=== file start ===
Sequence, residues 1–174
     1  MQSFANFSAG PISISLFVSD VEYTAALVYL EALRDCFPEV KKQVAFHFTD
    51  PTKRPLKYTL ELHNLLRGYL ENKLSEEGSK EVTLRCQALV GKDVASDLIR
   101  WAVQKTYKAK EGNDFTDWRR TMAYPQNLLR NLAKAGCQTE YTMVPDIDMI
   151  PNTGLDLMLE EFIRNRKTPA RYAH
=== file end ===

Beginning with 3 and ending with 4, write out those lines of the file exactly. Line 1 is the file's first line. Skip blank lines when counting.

    51  PTKRPLKYTL ELHNLLRGYL ENKLSEEGSK EVTLRCQALV GKDVASDLIR
   101  WAVQKTYKAK EGNDFTDWRR TMAYPQNLLR NLAKAGCQTE YTMVPDIDMI